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Trees & Patio plants

Bay trees, standard

Bay tree pyramids

Bay tree ball

Holly trees

Box balls (Buxus)

Box pyramids (Buxus)

Box spirals (Buxus)

Box cubes (Buxus)

Box triple ball (Buxus)

Olive trees

Privet trees

Chusan palms

Chamaerops palms

More trees...

 
Pots & Planters

Faux lead planters

Fibrestone planters

Zinc cube planters

Polystone/Stonefibre planters

Terracino terracotta pots

Italian terracotta pots

Cretan terracotta pots

Corten steel planters

 

Fire bowls

Water bowls

 
Tree Gifts

Bay tree gift

Olive tree gift

Bay pyramid gift

Buxus ball gift

Buxus pyramid gift

Holly tree gift

Gift vouchers



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Container garden maintenance

    Water well and less frequently

  • Plants need water but plant roots also need oxygen. When plants are watered thoroughly the water draws in air which aerates the soil. It is therefore better to water well and less frequently than little and often.
  • Water the plants in the morning or evening when evaporation is low. Watering the plants during a hot summer day can cause sunburn on foliage and shock the plant roots with cold water.
  • Use rainwater when possible.

    Break up the soil

  • Use a hand fork to break up the soil surface regularly. This will help to keep the soil well-aerated. Take care so as not to damage shallow roots (e.g. Bay trees).
  • A topping of bark mulch, clay pebbles (leca) or stone pebbles will also help keep the soil structure open, retain moisture and insulate against cold or heat. Bark mulch is our favourite since it adds organic matter and nutrients to the soil as it decomposes.

    Feeding

  • When you buy ready planted from us or when you have planted up your pots with new quality compost mixture there is no need to feed the plants during the first months since the compost mixture is full of nutrients.
  • Only feed the plants during the growing season (April-September) and follow the guidelines for each plant. When possible use organic fertilisers. If adding artificial fertilisers keep the concentration low and feed regularly. Too much fertiliser may harm the plant.

    Repotting

  • Most plants need repotting after a few years or when the root system has become too big for the pot (there are some plants that actually like being slightly pot bound).
  • It's normally advised to choose a pot that is next size up but most patio plants won't mind a large container with lots of room to grow in.
  • If the plant is stuck in the pot give it a good watering and it will be easier to loosen.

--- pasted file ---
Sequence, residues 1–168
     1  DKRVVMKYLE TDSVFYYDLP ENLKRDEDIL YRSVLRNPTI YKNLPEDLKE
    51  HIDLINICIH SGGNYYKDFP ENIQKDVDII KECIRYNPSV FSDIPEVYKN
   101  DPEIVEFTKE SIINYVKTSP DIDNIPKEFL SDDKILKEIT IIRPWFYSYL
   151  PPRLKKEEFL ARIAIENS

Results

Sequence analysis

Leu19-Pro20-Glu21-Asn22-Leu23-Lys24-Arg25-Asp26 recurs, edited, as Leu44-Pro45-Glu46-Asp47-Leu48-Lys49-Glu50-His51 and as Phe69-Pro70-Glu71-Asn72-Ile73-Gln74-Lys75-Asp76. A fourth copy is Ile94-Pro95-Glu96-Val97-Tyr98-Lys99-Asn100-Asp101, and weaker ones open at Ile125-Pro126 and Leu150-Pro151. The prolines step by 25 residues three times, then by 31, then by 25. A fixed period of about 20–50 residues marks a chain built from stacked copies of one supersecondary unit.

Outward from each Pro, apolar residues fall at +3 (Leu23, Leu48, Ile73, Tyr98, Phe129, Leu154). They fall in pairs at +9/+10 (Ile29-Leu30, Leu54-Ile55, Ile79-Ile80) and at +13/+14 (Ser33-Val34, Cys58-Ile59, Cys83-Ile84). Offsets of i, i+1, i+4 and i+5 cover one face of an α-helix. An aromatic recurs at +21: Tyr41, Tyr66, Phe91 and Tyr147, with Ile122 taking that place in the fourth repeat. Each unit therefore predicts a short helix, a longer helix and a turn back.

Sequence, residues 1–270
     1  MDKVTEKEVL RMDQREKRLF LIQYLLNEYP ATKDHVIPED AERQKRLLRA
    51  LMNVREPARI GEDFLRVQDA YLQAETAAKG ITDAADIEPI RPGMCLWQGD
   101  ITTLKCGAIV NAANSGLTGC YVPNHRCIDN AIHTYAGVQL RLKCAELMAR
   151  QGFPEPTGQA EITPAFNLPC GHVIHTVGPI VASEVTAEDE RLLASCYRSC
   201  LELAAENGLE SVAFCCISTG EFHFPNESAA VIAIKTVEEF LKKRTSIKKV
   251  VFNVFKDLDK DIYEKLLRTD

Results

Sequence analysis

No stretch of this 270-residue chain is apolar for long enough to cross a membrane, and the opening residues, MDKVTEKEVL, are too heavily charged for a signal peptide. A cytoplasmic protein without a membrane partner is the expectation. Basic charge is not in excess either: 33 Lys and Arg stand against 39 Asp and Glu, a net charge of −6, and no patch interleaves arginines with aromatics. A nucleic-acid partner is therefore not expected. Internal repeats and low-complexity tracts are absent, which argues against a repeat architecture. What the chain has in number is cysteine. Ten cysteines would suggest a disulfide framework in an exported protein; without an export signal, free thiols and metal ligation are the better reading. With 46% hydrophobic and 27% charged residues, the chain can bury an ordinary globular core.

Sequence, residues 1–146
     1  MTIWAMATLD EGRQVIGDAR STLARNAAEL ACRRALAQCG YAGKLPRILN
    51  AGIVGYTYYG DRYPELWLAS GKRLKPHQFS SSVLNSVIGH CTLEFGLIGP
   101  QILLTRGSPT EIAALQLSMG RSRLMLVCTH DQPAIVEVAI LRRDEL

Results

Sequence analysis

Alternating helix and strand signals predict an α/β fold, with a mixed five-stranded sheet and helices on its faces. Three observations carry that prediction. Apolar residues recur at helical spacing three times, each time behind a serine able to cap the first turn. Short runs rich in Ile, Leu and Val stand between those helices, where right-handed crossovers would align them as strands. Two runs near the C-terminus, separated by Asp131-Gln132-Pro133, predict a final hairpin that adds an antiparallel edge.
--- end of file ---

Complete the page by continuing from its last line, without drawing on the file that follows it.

• Untangle the roots. Up to one third of the roots can be cut off if there isn't enough room in the planter. Trim the plant foliage in relative proportion to the cutting of the roots.
  • Make sure there are drainage holes at the base of the pot. Without drainage holes the soil gets waterlogged and the roots drown from lack of oxygen supply and prevents diffusion of carbon dioxide.
  • Add drainage material such as crocks, leca pebbles or gravel and then mix in some compost.
  • Place the plant in the pot and fill up with suitable compost mix.
  • Add a topping of bark mulch, clay pebbles or stone pebbles.
  • Water thoroughly and let the plant re-establish itself sheltered from drying winds and hot sunshine.

    Protect your patio plants from hard frost

  • Move less frost hardy plants to an unheated frost free storage, a shed, conservatory or indoors (but never into a warm room) during cold weather conditions. Alternatively, wrap them up with horticultural fleece, bubble wrap or hessian sacking to protect from hard frost. It's important to also wrap up the containers to avoid that the compost freeze which may damage the roots. For good protection we would recommend wrapping up pots with thick layers of straw. If you use 'fleece plant jackets' make sure they are thick and big enough to cover the whole plant and container. Tender plants such as Citrus trees or Cycads should always be moved to frost free storage during the winter in the UK.
  • Plants will tolerate less frost if it's windy. Move them to a sheltered position close to a house or along a wall.
  • Cold damp soil together with frost is a very bad combination for some plants such as Palm trees. Protect the plant from excess rain or snow by covering the pot.
  • Please read the care tips for each plant.
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